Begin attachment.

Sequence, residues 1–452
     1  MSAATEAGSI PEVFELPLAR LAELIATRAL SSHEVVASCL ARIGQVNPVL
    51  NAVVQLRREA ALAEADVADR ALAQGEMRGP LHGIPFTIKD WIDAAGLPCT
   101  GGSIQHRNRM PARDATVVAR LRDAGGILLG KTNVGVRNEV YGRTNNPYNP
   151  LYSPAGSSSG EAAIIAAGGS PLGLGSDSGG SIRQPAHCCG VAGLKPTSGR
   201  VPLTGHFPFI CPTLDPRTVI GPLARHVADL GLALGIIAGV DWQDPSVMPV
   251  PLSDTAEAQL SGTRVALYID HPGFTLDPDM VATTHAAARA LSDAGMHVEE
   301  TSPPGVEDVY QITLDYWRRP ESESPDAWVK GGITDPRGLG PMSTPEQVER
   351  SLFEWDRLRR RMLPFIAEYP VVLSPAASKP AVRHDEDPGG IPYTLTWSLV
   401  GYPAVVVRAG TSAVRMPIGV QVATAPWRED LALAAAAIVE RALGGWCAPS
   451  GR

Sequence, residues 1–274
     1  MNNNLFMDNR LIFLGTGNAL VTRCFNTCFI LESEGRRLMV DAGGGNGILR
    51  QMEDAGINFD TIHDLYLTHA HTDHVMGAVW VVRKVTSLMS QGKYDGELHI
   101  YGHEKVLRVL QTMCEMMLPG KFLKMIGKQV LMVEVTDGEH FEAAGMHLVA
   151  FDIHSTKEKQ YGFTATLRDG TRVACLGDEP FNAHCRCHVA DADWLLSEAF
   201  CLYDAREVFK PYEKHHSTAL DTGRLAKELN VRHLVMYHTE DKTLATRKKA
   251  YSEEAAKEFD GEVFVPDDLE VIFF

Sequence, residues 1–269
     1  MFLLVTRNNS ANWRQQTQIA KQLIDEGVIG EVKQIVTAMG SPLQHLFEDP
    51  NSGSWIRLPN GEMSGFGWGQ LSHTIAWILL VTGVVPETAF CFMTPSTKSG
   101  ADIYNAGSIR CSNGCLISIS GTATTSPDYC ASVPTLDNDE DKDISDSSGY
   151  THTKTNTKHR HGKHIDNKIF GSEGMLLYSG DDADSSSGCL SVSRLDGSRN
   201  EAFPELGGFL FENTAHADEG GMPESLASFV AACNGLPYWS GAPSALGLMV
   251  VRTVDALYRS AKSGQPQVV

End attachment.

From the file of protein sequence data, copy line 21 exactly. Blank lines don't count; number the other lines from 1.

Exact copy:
    51  NSGSWIRLPN GEMSGFGWGQ LSHTIAWILL VTGVVPETAF CFMTPSTKSG